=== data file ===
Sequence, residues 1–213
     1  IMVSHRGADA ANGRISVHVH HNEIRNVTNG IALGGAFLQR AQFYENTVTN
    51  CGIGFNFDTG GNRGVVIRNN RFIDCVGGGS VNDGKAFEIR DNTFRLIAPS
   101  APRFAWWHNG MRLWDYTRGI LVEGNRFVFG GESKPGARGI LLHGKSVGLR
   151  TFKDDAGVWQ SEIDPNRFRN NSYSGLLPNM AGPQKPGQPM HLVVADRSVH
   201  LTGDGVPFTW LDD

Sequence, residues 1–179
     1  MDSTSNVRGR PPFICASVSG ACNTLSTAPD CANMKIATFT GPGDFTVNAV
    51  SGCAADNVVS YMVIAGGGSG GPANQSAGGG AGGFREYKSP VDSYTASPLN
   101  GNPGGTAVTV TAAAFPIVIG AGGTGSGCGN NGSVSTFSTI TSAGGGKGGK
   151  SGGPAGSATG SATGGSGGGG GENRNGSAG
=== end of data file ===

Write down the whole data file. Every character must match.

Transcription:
Sequence, residues 1–213
     1  IMVSHRGADA ANGRISVHVH HNEIRNVTNG IALGGAFLQR AQFYENTVTN
    51  CGIGFNFDTG GNRGVVIRNN RFIDCVGGGS VNDGKAFEIR DNTFRLIAPS
   101  APRFAWWHNG MRLWDYTRGI LVEGNRFVFG GESKPGARGI LLHGKSVGLR
   151  TFKDDAGVWQ SEIDPNRFRN NSYSGLLPNM AGPQKPGQPM HLVVADRSVH
   201  LTGDGVPFTW LDD

Sequence, residues 1–179
     1  MDSTSNVRGR PPFICASVSG ACNTLSTAPD CANMKIATFT GPGDFTVNAV
    51  SGCAADNVVS YMVIAGGGSG GPANQSAGGG AGGFREYKSP VDSYTASPLN
   101  GNPGGTAVTV TAAAFPIVIG AGGTGSGCGN NGSVSTFSTI TSAGGGKGGK
   151  SGGPAGSATG SATGGSGGGG GENRNGSAG